Friday 18 August 2017

Teen 'intends to kill children to stop them growing into bad adults', court told

Justice Peter Kelly said the teenager is considered to pose a risk of violence to himself and others
Justice Peter Kelly said the teenager is considered to pose a risk of violence to himself and others

Tim Healy

A TEENAGE boy who has said he intends to kill small children to stop them growing into “bad and violent adults” needs urgent assessment and treatment, the president of the High Court has said.

Mr Justice Peter Kelly said the disturbing evidence before the court is the boy is considered to pose a risk of violence to himself and others and has said he intends to kill his younger siblings.

The judge said the HSE is entitled to orders making the boy a ward of court and for his transfer to the UK for specialised psychiatric assessment not available here due to absence of an appropriate facility.

That assessment, the court was told, may require a trial of psychotropic medication.

The undisputed medical evidence before the court stated the boy, following exposure to violent and pornographic material on the internet, believes there are bad and violent people in the world.

He believes he should kill children when they are small to avoid them becoming bad and violent people, the judge noted.

He has said he intends to kill his younger siblings and the evidence was his statements should be taken seriously.

The evidence also showed the boy has an interest in cannibalism, the judge said.

The boy, who is presently in an institution that cannot be identified, has previously harmed himself and a consultant psychiatrist considers he is at risk of doing violence to himself and others, the judge noted.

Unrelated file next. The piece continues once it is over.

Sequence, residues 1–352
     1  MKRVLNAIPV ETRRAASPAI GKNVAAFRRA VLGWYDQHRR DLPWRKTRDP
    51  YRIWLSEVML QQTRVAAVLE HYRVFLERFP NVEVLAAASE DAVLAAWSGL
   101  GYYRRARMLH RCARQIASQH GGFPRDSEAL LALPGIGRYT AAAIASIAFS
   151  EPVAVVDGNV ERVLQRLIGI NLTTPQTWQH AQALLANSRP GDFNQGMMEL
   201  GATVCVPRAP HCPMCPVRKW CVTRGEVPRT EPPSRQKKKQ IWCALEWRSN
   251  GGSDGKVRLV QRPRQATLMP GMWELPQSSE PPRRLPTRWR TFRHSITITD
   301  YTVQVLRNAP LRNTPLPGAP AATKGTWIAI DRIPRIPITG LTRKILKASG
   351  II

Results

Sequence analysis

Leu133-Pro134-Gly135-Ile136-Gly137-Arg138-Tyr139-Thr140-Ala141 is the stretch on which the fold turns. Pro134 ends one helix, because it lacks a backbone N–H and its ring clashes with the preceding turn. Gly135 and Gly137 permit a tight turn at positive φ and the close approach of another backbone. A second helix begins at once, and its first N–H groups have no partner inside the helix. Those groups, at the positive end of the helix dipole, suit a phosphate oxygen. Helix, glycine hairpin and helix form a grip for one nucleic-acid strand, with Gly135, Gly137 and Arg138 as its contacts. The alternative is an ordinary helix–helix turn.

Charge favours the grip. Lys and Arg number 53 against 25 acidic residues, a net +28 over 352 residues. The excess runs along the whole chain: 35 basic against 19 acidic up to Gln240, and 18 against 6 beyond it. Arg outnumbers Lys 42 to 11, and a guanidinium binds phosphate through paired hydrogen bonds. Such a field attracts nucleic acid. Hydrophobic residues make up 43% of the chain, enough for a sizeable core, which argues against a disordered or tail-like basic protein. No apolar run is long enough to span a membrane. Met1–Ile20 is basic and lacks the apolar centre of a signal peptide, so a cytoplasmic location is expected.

From the “disturbing” evidence, he was satisfied the boy needs urgent and effective treatment.

The boy is considered to be on the autism spectrum and to have high-functioning autism but a full assessment of his clinical needs cannot be carried out here because there is no suitable facility.

His parents share the concerns about his psychiatric state and supported the application to have him made a ward of court.

They also supported his transfer to the UK facility in circumstances where no full diagnosis has been made but had concerns about administration of medication as part of that assessment to be taken into account, the court heard.

They asked to be kept informed on medication and other issues and to visit him regularly in the UK.

The judge said, while he understood the parents concerns, the evidence was trial of medication would be done under close medical supervision and in circumstances where the boy has court protection.

He considered the HSE was entitled to the orders making the boy a ward of court and for his transfer to the UK for assessment. He also noted the HSE will fund regular visits by the parents to their son.

The judge said his orders will not become effective until after the general solicitor of wards of court visits the boy this week to ascertain, insofar as possible, his views.

If she considers it appropriate, the solicitor has liberty to apply to the court after that visit, he directed.

On the evidence before the court as of now, he considered the HSE was entitled to the orders and noted a place is due to become available later this month in the relevant UK facility.

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